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Joseph Whiteside Boyle

1st Session, 42nd Parliament

Hon. Daniel Lang: Thank you, colleagues. First of all, I would like to extend a special welcome to Senator Moore. I really appreciate the time and effort he put in as a member of our Senate.

Colleagues, 2017 holds many important anniversaries for Yukoners and for all Canadians.

It is the one hundred and fiftieth anniversary of our Confederation. It is also the one hundredth anniversary of the Battle of Vimy Ridge; and closer to home, in Yukon, we will be commemorating the one hundred and fiftieth anniversary of the birth of a legendary Canadian and proud Yukoner, Lieutenant-Colonel Joseph Whiteside Boyle, who was born on November 6, 1867, in Toronto. His birthdate makes Boyle one of the first Canadian-born citizens, which alone is worth celebrating, but there is more.

Lieutenant-Colonel Boyle grew up in Woodstock Ontario, and later made his way to Yukon and made a fortune mining gold in the Klondike.

At the outset of the Great War, Lieutenant-Colonel Joe Boyle established and funded Yukon's own Boyle's Machine Gun Battery, which saw 35 Yukoners make a two-year journey from Dawson City, Yukon to the battlefields of France, where they gallantly participated in the Battles of Courcelette, Vimy Ridge, Passchendaele and the German offensives of March 1918 in Amiens and Canal du Nord.

Colleagues, 100 years ago, in 1917, Lieutenant-Colonel Boyle began a major undertaking for the Allies in Eastern Europe, which included operating a spy network of almost 500 agents for the British Secret Service. He was active in Russia, the Ukraine and Romania during the chaotic period of 1917-18.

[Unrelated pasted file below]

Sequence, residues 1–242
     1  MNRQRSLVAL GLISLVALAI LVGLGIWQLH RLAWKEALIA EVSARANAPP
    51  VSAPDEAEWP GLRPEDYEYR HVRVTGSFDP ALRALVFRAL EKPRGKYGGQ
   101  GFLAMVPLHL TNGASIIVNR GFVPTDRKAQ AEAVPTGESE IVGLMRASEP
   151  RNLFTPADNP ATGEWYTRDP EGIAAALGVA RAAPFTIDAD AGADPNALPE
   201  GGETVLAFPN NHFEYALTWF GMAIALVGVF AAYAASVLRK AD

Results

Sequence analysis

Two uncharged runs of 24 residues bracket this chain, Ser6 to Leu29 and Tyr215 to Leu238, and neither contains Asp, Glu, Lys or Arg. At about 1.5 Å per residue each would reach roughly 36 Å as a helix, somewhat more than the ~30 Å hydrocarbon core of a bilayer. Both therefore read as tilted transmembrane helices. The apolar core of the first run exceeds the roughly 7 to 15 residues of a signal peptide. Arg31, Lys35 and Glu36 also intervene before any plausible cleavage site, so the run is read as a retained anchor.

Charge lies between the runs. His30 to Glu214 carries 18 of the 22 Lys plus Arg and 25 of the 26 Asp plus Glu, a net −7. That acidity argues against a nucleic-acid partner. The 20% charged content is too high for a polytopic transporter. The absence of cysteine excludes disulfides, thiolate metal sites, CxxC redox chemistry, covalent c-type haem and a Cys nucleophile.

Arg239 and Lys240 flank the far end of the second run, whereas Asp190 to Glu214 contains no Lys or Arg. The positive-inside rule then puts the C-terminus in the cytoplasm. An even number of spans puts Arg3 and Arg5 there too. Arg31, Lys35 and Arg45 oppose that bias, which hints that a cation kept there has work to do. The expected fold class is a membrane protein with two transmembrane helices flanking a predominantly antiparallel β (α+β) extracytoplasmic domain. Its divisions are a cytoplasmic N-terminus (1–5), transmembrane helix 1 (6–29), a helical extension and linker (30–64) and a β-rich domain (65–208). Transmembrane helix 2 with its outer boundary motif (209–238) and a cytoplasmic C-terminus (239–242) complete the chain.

At all times, the single-minded goal of Lieutenant-Colonel Boyle was to keep up the allied effort on the Eastern Front. His actions earned him the nickname "The Saviour of Romania," and his heroics were compared to those of Lawrence of Arabia. He was awarded nine medals from Russia, Romania, France and Britain.

Following the war's end, Boyle was present at the Paris Peace Conference.

He was instrumental in convincing the Allies, including Canada, to provide post-war aid to Romania. This unique relationship between our two countries began with a pledge of $25 million in aid to Romania from Canada.

Following the war, Lieutenant-Colonel Boyle suffered a fatal stroke in 1923. He was buried in London, and his remains were later returned to Canada.

Colleagues, 2017 is an important year in our country's history.

On this, the one hundred and fiftieth anniversary of Confederation, let us proudly tell those stories like that of Lieutenant-Colonel Boyle, which make our regions and our country great.

And as we celebrate, let us remember our Queen, who this Monday celebrated her sapphire anniversary, having served 65 years as Queen of Canada.

God Save the Queen and God bless Canada.

Hon. Senators: Hear, hear